Friday, March 16, 2007

Book Review: "Patents for Business"

Patents for Business: The Manager's Guide to Scope, Strategy, and Due Diligence, M. Henry Heines (Praeger Publishers, 2007) (195 pp.)

This is a good book for business/R&D managers who want to become more knowledgeable in the field of patents, and to understand the basics of patenting strategies and infringement. Written for non-lawyers, the book sets up the fundamentals of patenting in an easy-to-understand way.

Eschewing formalities, the book quickly starts with claiming strategies that explain through examples how "the right to exclude" applies to various claim formats. Using some nice 2-D diagramming, Heines shows how claims "cover" elements of a product, and how infringement can be determined. The book also explains concepts of Prior Art, Novelty and Nonobviousness (chapters 5-6), Freedom to Operate (chapter 7) and Patent Portfolio Referencing (chapter 8), along with other practical considerations for due diligence and setting up a patent regime for a company (including a short section on dealing with inventors/employees).

There's even a glossary in the back that explains most every term you need to be conversant in IP, making this book a handy reference for anyone involved in product development, corporate strategy, or intellectual property.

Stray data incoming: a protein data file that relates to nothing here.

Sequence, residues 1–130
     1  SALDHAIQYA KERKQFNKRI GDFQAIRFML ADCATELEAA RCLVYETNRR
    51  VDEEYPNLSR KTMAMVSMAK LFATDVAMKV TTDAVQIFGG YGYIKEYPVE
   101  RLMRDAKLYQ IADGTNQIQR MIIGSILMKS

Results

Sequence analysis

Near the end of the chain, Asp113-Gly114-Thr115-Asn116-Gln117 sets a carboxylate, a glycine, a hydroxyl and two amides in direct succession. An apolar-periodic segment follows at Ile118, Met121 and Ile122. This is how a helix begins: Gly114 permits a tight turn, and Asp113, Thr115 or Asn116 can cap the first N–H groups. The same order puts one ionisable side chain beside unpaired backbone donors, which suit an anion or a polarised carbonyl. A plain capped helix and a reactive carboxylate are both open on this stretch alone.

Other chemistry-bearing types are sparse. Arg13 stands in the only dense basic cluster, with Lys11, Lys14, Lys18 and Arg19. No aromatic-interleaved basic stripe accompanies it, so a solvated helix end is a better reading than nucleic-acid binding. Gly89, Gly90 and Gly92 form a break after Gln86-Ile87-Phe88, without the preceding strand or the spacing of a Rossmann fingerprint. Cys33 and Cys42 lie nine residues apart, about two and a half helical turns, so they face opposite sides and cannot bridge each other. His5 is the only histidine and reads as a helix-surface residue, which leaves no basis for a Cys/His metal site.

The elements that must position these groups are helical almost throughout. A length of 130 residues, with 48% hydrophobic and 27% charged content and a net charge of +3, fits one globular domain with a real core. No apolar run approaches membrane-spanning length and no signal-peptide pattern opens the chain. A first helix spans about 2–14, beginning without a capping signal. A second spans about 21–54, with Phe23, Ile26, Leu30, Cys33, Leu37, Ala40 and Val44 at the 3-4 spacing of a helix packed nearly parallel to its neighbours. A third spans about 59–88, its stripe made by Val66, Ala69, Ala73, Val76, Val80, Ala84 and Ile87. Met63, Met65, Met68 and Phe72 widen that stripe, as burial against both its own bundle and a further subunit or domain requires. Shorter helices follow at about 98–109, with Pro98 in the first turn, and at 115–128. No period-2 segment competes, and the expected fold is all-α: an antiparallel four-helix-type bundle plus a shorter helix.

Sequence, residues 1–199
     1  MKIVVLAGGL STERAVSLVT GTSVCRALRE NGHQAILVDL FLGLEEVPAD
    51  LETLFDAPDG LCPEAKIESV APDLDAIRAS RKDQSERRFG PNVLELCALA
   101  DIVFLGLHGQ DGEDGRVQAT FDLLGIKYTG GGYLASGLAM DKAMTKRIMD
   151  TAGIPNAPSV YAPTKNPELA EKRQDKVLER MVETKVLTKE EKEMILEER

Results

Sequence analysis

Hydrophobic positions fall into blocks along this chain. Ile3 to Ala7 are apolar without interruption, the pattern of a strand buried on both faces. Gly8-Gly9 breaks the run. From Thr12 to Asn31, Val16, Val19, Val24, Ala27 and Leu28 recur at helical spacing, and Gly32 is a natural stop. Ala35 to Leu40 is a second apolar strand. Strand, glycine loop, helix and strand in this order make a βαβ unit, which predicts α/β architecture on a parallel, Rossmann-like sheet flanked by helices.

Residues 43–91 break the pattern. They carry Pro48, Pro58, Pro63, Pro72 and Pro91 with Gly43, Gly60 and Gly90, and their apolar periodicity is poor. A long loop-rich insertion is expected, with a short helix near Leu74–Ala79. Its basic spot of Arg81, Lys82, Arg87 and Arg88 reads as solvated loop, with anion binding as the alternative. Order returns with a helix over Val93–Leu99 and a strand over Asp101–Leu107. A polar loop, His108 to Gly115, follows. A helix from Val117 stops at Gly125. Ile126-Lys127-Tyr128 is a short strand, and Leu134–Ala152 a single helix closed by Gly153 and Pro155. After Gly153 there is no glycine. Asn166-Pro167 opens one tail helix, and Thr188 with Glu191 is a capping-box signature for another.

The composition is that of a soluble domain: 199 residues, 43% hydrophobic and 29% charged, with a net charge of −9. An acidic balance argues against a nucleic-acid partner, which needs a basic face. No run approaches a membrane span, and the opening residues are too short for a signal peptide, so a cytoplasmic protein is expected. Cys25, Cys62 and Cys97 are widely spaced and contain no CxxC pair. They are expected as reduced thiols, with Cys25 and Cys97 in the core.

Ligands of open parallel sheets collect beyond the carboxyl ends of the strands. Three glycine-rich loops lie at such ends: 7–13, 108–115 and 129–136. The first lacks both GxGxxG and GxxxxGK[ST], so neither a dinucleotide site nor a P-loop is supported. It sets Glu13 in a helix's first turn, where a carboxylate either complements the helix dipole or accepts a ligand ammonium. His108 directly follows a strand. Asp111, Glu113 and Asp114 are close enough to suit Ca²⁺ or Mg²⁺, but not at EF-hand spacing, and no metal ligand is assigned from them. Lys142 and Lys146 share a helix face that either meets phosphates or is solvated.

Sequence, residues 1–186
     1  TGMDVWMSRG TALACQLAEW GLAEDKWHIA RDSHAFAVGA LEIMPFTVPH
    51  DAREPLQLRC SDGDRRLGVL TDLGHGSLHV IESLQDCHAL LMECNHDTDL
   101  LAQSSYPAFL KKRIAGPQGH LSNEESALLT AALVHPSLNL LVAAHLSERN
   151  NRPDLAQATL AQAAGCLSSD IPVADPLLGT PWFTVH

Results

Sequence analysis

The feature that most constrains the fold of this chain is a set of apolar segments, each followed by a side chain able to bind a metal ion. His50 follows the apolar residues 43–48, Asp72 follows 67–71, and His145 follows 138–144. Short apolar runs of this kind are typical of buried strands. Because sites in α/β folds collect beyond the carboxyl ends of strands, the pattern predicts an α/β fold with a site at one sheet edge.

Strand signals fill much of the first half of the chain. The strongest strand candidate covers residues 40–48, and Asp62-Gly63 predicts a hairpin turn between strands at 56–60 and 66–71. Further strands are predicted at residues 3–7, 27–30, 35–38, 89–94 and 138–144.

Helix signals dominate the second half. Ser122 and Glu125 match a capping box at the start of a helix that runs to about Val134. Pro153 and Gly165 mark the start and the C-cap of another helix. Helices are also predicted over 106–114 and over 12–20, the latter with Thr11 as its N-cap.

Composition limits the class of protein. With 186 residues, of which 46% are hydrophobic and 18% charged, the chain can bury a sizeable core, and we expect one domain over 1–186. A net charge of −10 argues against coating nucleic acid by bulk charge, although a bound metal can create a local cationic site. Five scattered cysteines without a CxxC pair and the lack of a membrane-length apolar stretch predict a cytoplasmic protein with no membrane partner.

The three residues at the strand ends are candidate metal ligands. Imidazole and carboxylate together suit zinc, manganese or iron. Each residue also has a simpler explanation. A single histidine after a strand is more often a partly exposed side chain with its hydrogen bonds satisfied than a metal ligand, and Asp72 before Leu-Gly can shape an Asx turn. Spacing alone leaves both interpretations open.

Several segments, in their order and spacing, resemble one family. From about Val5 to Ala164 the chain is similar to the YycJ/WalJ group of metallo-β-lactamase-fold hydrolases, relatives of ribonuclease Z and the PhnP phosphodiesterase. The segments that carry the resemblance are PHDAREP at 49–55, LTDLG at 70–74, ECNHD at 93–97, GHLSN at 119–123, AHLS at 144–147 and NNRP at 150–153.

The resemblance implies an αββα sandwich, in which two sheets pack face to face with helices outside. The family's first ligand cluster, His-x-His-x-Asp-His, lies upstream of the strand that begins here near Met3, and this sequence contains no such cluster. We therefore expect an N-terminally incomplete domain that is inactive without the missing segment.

4 Comentários:

Anonymous said...


Your review of "Patents for Business" was right on the money. I just finished the book myself and, rather than rehash your review, I simply link to it on my blog.

Although you focus your review on non-lawyers, I feel there are a couple chapters that patent lawyers will enjoy as well and I point these out on The Florida Intellectual Property
Law Blog

One thing I did notice is that the domain name does not direct you to a website for the book but instead takes you to a company website that claims to be "dedicated to the development of patent portfolios aimed at meeting the objectives, needs and requirements of your business".

Do you happen to know if there is any connection between the author and this website?

If not, this underscores the importance of investigating potential conflicts with domain name registrations prior to any branding strategy-- whether that branding strategy be a new business name, product identity, or (as in this case) the title for a new book.

John Rizvi
Registered Patent Attorney
Florida Intellectual Property
Law Blog

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